Trevor: You also focus on defining different roles, processes, responsibilities for groups working at the edge of an organization and groups working at the core. Could you talk us through why you think this is so important? Further, do you have any good examples for places that you think are doing this well, that have groups doing innovative work at the edge that is being scaled up, refined and integrated into the core?
Michael: In our our Web and New Media Strategy we say that the best innovation happens out at the edges of the Institution, where we have, close together, subject matter experts, collections and data, the public (which can include a 6th grader or a Nobel laureate, or both) and some degree of technology expertise. This is an intentional effort to embrace an edge innovation model here, and this kind of innovation doesn’t usually happen in central offices, it mostly happens out in the vast border habitat between “us” and “the public.”
But, we also say that the innovators out on the edges have reached the limits of what they can accomplish on their own, without a commons of shared tools, standards, and infrastructure. So the “innovation at the edges: a commons in the middle” strategy is a way of acknowledging, and turning into a feature, the need to balance autonomy and control within the organization. And I see this dynamic playing out everywhere I go, because it’s so easy to innovate at the edges now.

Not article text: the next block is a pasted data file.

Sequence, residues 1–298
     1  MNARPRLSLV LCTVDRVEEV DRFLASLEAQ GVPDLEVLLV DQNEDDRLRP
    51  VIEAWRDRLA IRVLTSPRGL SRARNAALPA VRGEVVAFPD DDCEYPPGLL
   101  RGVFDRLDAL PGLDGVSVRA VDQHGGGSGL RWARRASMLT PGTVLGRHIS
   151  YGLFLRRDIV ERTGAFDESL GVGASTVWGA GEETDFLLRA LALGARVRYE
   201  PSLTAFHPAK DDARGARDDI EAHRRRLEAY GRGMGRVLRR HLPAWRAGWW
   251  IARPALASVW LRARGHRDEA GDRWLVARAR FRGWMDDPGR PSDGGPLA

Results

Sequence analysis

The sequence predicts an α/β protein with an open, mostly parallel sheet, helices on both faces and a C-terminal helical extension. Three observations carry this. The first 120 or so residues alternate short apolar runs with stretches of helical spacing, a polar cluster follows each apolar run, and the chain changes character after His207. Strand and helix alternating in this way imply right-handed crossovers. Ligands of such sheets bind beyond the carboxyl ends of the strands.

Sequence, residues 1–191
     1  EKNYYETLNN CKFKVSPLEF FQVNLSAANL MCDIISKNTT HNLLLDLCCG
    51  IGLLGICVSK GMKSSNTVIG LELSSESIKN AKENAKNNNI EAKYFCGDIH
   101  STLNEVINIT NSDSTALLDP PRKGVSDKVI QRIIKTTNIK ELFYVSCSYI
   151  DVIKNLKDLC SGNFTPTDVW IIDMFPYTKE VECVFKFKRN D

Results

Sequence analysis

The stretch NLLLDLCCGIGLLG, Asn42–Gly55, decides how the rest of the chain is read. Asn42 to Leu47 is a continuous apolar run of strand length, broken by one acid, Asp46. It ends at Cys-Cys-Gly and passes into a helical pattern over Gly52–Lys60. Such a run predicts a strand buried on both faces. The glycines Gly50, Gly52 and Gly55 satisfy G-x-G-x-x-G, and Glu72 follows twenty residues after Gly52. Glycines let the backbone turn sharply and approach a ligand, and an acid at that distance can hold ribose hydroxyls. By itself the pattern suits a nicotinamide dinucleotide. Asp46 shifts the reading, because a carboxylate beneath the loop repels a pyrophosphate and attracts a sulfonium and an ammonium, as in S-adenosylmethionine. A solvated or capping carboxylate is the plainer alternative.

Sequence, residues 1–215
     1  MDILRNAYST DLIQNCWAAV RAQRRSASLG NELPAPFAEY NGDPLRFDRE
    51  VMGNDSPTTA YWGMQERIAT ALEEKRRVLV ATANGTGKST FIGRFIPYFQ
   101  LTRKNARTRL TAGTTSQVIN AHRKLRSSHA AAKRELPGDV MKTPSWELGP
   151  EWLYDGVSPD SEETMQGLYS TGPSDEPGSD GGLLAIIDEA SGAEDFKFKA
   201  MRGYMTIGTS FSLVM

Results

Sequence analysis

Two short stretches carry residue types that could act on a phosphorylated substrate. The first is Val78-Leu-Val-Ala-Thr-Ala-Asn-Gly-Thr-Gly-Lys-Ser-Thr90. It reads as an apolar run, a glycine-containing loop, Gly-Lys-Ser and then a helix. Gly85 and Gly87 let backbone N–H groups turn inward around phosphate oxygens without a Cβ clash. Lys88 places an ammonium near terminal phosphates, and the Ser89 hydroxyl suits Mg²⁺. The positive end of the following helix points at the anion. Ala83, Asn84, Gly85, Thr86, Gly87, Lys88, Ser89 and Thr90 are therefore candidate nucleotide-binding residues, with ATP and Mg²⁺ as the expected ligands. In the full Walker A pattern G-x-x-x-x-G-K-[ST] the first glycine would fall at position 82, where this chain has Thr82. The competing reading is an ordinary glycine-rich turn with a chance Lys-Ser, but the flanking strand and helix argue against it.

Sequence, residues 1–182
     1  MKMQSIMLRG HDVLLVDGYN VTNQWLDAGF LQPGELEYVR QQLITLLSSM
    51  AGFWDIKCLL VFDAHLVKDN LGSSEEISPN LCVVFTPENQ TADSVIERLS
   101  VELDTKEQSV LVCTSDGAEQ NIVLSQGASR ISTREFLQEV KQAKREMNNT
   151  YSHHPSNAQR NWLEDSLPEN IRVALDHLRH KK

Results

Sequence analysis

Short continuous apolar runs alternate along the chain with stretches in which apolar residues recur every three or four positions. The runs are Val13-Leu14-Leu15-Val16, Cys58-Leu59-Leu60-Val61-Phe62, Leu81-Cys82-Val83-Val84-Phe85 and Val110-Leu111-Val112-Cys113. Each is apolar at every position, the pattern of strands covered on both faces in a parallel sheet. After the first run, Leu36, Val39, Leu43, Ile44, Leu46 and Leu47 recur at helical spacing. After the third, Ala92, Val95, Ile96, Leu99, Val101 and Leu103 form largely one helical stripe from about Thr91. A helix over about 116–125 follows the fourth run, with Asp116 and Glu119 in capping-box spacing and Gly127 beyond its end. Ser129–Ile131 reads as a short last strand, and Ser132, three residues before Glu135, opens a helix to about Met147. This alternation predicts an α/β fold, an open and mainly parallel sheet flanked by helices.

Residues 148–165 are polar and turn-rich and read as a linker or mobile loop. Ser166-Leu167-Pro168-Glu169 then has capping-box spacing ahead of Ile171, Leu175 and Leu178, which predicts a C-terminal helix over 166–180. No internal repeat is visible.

Once you’re headed down this path, you get into a situation where you need to build core competencies around identifying which innovations at the edges need to be brought into the central platform so they can scale, so you can get some network effects, and so you can relieve the innovators at the edges from the withering responsibility of maintaining servers and doing security and software maintenance and all those things that edge innovators are notoriously bad at and get bored with very quickly.
A long time ago we decided, somehow, that we weren’t going to ask our curators, our subject matter experts, our catalogers, to bring sacks of coal into work in the winter to heat their offices. I talked about this recently at a symposium for the National Heritage Board, National Library, and National Archives in Sweden…
We don’t ask researchers to blow their own light bulbs, or press their own copy paper from rags and wood pulp. There’s a big platform that central service organizations have agreed to perform to free up time and energy to use for mission related work. That same process needs to happen, habitually and intentionally, with the IT stack.
Edge-to-core is what happened, kind of haphazardly, when the World Wide Web came along. When computers came into the workplace. It’s happening now with drupal, with mobile, with intellectual property policy, the public domain, and the creative commons. We’re getting better at it, and that’s a good thing. There’s going to be a ceaseless torrent of edge innovation being injected into our organizations for years to come. That process might— will — change the way we think about traditional organizations and what they can and can’t do. It’s going to be a restless and exciting time.
Trevor: Where do you think the home should be for digital media in a cultural heritage organization? Or, how do you think one should divide up roles and responsibilities when digital is increasingly becoming a key part of nearly every part of cultural heritage organizations? We are increasingly acquiring, preserving and exhibiting born-digital and digitized materials, using social media for outreach and public relations, supporting researchers and fielding reference questions through digital channels, and supporting all of that work with a substantive IT infrastructure. Who should be whom’s ramp and loading doc?